CHEMICAL UPDATE: Non-Selective Chemicals

Most often, as grounds managers you are looking to kill out a weed in the midst of turf without damaging the surrounding turf and ornamentals. For that job, you turn to the many selective herbicides offered. However, there are times when you need a product that completely eliminates vegetation for renovations, vegetation management or simple spot spraying. For these situations, you need a non-selective chemical.

Non-selective herbicides work in different ways. Some are soil-applied and enter plants through root uptake, providing immediate, as well as soil-residual, control. Others are foliar-applied and eliminate existing vegetation, but with little or no residual. A few have both types of activity. All have their place, depending on your specific needs.

Systemic herbicides are effective at killing woody and perennial plants. By contrast, contacts tend to work very quickly, earning them the nickname of “burndown” herbicides, but may not be the best choice for controlling perennial weeds. Foliar-applied products with little or no soil residual, whether systemic or contact, are by far the most widely used non-selectives in grounds care. These are the chemicals used for spot spraying or general “clean-up” weed control.

Fumigants are valuable tools for treating soil prior to planting and may control nematodes, insects and diseases, in addition to weeds. Traditionally, methyl bromide has been one of the mainstay soil fumigants. However, the Montreal Protocol, an international treaty for reducing ozone-depleting chemicals, went into effect last year, eliminating nearly all uses of methyl bromide except its use for elimination of quarantine pests. Fortunately, other chemicals are still available for pre-plant fumigation.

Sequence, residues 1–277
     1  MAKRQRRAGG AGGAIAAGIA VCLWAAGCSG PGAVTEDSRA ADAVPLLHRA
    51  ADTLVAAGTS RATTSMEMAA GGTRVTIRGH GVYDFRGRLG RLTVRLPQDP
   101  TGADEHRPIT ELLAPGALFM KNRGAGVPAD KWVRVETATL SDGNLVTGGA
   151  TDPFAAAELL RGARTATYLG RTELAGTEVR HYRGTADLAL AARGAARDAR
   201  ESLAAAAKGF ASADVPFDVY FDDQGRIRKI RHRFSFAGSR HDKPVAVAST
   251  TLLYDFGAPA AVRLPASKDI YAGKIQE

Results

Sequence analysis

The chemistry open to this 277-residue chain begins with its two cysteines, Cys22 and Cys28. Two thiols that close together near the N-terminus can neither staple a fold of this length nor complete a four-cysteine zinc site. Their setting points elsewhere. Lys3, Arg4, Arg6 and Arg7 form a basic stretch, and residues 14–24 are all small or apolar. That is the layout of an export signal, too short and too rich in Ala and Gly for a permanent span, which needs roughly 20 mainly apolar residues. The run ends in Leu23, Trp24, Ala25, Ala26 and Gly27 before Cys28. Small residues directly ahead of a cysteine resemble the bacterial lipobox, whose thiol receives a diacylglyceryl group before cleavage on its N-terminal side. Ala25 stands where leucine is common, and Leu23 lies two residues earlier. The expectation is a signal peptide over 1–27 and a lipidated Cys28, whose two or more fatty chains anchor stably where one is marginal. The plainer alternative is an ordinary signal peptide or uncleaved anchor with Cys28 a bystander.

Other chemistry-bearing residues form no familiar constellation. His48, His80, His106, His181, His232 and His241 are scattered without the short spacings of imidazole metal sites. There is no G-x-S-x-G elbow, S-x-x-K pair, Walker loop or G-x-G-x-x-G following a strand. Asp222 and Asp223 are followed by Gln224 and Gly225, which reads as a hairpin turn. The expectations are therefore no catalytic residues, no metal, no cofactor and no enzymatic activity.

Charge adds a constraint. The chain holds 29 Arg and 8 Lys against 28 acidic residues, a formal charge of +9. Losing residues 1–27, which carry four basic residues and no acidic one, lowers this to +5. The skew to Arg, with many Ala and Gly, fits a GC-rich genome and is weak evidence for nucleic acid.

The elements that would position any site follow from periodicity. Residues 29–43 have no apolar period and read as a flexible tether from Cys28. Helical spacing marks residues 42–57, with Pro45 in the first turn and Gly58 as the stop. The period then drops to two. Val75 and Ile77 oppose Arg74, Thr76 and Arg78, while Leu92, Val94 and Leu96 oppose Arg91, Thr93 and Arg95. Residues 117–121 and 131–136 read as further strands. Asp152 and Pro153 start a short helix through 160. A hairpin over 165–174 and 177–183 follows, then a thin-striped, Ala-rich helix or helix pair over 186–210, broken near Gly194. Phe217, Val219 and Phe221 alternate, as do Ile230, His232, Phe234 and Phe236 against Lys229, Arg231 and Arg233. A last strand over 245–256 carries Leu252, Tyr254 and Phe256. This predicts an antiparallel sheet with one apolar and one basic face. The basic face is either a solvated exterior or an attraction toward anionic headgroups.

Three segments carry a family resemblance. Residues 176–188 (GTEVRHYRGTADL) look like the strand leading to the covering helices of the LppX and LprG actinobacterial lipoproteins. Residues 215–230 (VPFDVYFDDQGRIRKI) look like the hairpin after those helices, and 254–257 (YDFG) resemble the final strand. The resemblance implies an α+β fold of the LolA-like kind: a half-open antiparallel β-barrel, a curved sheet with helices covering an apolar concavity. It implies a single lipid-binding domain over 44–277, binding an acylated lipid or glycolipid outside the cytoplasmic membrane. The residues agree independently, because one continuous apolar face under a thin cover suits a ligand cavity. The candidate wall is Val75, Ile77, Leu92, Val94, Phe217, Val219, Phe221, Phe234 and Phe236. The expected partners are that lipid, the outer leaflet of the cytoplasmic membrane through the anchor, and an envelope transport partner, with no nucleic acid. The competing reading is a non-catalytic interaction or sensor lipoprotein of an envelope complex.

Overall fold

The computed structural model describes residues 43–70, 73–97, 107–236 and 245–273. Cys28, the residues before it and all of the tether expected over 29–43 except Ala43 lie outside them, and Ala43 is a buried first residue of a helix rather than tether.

Use this Update for preliminary planning only. Remember that you must follow all label instructions any time you apply a pesticide. Non-selective pesticides are valuable tools, but must be used with care. After all, their defining characteristic is their broad spectrum of activity, so misapplications carry potentially great risks. Their safe use depends on proper application. Properly used, however, non-selectives can be one of the most valuable tools that landscape professionals possess. For a comprehensive list of the Chemical Update tables that accompany this article, go to our Industry Research resource at

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